Russia Inaugurates New Spaceport With Soyuz Launch

With President Vladimir Putin looking on, a Soyuz-2.1a rocket lifted off from Russia’s new Vostochny Cosmodrome and successfully orbited three satellites.

It was the inaugural launch for the multi-billion dollar spaceport, which has been four years and numerous arrests in the making. The launch complex, which is designed to reduce Russian dependence on the Baikonur Cosmodrome in Kazakhstan, has been plagued by reports of corruption and unpaid workers. One manager was arrested driving a diamond encrusted Mercedes.

The Soyuz rocket’s main payload was the Mikhailo Lomonosov satellite, which carries instruments to study high-energy cosmic rays, gamma rays and the Earth’s atmosphere. It also carried two smaller secondary payloads named Aist 2 and SamSat 218. Media reports indicate all three spacecraft were deployed successfully.

The launch was delayed a day due to a technical problem with the rocket.

  • Congrats on a new launch site.

    But from a more critical standpoint, how does this new launch site help Russia? (Yeah, I know the history, it’s not particularly good) Is there a separate launch team for Vostochny? If no, then are then going to scale back launches to allow for the launch team to travel between the two locations? Where are the flight operations performed from? Is Semara gonna ramp up to produce enough Soyuz rockets for 3 launch sites now?

  • Enrique Moreno

    What a beautiful launch!

  • Barmaglot

    It’s four sites, isn’t it? Baikonur, Plesetsk, Kourou, and now Vostochny.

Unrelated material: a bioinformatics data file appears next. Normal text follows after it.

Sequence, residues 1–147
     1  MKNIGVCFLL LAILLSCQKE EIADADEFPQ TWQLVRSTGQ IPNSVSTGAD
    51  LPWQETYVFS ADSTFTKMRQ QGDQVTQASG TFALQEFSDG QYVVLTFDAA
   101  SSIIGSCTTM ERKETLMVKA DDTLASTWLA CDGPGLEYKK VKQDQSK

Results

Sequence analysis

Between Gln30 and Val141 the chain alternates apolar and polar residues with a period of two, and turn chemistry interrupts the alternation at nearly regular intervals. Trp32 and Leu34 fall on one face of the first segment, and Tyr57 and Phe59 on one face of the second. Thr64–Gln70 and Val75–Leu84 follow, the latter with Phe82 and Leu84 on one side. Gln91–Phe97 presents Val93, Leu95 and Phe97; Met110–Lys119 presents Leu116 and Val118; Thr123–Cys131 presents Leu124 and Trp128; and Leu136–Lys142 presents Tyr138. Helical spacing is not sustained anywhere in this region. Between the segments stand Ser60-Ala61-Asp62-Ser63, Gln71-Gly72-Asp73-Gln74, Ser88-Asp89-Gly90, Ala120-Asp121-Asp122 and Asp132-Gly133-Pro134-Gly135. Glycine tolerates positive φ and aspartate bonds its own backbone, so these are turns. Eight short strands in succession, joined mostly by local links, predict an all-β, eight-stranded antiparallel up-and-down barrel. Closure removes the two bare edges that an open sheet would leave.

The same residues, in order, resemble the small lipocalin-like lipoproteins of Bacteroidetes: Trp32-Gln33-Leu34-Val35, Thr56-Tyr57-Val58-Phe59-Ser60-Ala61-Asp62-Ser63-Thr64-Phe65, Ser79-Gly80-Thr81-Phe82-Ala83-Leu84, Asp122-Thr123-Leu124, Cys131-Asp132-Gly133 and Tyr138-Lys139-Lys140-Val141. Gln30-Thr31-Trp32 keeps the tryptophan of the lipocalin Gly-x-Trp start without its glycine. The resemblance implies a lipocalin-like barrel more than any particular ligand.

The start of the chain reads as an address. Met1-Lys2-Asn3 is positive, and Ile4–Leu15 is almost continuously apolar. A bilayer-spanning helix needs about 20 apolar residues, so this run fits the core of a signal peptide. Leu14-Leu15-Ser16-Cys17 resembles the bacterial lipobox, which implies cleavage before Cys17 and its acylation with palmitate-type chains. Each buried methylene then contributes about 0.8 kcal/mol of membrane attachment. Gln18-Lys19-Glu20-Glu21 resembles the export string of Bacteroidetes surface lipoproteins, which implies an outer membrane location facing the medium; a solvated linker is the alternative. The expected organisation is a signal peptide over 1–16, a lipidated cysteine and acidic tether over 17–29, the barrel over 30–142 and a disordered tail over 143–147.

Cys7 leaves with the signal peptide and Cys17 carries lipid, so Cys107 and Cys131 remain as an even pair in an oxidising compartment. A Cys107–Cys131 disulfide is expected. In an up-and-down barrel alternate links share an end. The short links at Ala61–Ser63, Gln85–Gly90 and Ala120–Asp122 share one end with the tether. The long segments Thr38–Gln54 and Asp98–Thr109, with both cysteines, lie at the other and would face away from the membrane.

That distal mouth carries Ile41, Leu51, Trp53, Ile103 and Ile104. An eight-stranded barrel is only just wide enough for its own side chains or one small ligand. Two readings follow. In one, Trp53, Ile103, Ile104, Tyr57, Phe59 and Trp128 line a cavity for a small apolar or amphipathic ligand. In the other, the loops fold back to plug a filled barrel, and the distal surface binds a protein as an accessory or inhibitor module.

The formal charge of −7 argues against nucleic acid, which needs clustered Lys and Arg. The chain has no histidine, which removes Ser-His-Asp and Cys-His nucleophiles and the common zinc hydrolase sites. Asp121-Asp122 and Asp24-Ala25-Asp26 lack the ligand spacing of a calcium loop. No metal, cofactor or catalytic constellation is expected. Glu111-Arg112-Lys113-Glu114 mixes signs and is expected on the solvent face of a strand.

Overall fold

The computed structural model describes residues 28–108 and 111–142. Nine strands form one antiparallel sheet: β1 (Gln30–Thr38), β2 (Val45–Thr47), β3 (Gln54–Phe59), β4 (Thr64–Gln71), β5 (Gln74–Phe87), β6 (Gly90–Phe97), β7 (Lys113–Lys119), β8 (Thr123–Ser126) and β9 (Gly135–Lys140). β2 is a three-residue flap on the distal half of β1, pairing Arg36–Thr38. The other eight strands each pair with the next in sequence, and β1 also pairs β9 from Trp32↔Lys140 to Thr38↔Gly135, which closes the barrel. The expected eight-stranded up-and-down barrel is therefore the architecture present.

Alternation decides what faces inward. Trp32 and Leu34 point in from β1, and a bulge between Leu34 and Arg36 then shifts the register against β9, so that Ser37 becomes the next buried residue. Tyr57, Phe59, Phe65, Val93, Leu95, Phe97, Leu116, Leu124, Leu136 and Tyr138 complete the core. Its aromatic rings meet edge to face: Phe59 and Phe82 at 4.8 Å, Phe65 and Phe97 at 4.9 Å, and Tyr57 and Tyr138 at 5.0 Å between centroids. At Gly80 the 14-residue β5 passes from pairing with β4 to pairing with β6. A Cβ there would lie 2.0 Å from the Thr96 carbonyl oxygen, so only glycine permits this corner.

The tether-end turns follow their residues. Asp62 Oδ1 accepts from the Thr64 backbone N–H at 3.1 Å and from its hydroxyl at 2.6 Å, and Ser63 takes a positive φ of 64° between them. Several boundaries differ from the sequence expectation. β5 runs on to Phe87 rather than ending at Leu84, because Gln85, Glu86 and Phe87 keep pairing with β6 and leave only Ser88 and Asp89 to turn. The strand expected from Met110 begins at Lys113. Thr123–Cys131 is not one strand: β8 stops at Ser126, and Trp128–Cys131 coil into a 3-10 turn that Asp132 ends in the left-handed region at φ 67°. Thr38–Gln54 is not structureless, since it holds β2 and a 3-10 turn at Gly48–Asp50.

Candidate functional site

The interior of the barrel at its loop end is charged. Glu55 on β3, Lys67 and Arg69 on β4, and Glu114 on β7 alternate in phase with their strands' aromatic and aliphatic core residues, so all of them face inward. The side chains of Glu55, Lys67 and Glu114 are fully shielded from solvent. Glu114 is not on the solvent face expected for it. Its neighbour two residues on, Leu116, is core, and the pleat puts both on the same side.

• Jacob Samorodin

    I understand that the project director for the construction of that new spaceport has been arrested, apparently under orders from Putin. Where will he be taken to serve his sentence? Siberia?

  • ‮‮‮

    It’s auxiliary to Baikonur, which is leased until at least 2050. Vostochny mostly meant as a domestic more or less universal launch site since Baikonur is in another country and Plesetsk is limited to high inclinations. Yeah, there’s separate launch personnel, the launches will be occasional though (no launch complex for Angara yet), and the production is limited by the market capacity so no huge increase for SRC Progress. The launches are directly operated from the site. Angara will be produced in Omsk (hence its introduction delay, they are transferring the whole production there from Moscow) and launched from Vostochny.

  • Quattro Bajeena

    Think of it this way. Plesetsk is used mainly to launch satellites to polar orbit kind of like Vandenberg. Vostochny is supposed to replace Baikonur so they can have a launch site closer to the equator for GEO launches inside Russia. In the long run they will probably drop unmanned Soyuz launches from Baikonur. The question is about Proton, Angara, and manned Soyuz launches which currently can only be done from Baikonur. Last I heard the Vostochny Angara site was either cancelled or delayed. In the long run Soyuz isn’t enough even if it can launch most current satellite payloads.

  • Pete Zaitcev

    Yet ironically the first launch of Angara A5 from Plesetsk went to GEO and the first launch from Vostochnyi went to SSO.

  • Pete Zaitcev

    In the 1980s, Progress was making 80 to 90 Soyuz rockets per year. That is about as much as the whole world launches through the 2010s. It’s no big stretch for them to make 20 Soyuz vehicles for each of the 4 Souyz launch sites every year — as long as someone is willing to pay.